Airport screeners for the first time will begin roving through airports taking chemical swabs from passengers and their bags to check for explosives, the Transportation Security Administration said earlier this week. The program, already tested at five airports after the attempted Christmas Day bomb plot on a U.S.-bound airliner, begins nationwide in a few weeks, TSA spokeswoman Sterling Payne said. Screeners will push carts with bomb-detection machines around airport gates and checkpoint lines to randomly check passengers’ hands and carry-on bags for explosive residue. Metal detectors now used at checkpoints can’t spot materials such as the powdered explosives that bombing suspect Umar Farouk Abdulmutallab allegedly hid in his underwear to get through a checkpoint in Amsterdam‘s airport.

Mount Vernon Statement Unites Conservatives

History was made today when more than 100 conservative leaders signed and released “The Mount Vernon Statement”, a document defining the conservative movement’s principles, beliefs, and values in light of the blistering, radical attacks that are threatening our liberty and way of life. This historic gathering at Mount Vernon recommits conservatives to constitutional authority, declaring a philosophical war against big government, and radical attempts to recast our nation into a socialist state. The Mount Vernon Statement website says it defines the conservative movement’s “principles, beliefs, and values in light of the challenges facting the country and the need for Constitutional Conservatism since the Obama administration came to power.”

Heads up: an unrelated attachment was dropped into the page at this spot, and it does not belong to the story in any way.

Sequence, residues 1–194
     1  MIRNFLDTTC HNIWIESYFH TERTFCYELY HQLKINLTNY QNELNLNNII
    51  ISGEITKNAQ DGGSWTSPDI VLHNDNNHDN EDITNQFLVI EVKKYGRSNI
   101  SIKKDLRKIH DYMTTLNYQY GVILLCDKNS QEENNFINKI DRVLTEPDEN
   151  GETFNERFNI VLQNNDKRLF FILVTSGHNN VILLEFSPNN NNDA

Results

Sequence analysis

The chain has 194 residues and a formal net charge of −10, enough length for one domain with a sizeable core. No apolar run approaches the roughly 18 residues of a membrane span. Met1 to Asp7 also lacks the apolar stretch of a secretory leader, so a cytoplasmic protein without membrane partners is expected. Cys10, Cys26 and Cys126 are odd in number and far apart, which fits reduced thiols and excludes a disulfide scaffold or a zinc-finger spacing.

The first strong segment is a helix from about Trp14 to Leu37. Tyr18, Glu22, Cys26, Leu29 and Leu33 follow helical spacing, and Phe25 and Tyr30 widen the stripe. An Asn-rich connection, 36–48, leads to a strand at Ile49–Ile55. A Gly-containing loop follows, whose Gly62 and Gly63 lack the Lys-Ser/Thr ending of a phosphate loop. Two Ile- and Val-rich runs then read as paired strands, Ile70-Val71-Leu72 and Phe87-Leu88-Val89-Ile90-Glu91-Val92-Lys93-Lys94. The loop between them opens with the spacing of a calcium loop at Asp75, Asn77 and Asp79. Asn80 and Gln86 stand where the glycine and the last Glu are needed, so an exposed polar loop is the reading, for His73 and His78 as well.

• You make your voice heard too by clicking here to view and sign the statement

53% of Immigrant Families on Welfare

Numbers USA reports that 53% of immigrant households with children collected welfare from at least one government program in 2008. These programs include food stamps, Medicaid, and free school lunches. And yes, that huge number also includes legal immigrants. The immigrants America is attracting these days are mostly poor and badly educated.

Marketing Used to Push Vaccine

Health departments around the country are going to great lengths to spread the word that swine flu vaccines are in abundant supply and available for free to anyone who wants one. Their advertising tactics include horseback banners at rodeos and wristbands handed out at nightclubs. Maine officials set up a flu clinic at the high school basketball playoffs this week, while other health departments are giving patients shots at airports, malls and even a trade show. The fact that clinics are practically begging people to get vaccinated is a dramatic shift from just a few months ago when people stood in long lines and waited — sometimes for hours — to get the scarce vaccine.

  • One has to wonder why the government has been so anxious to overhype the supposed ‘pandemic’ and now is pushing the vaccine. What is in it that they want so bad for everyone to have it? Not worth the risk.

Census Software Plagued by Defects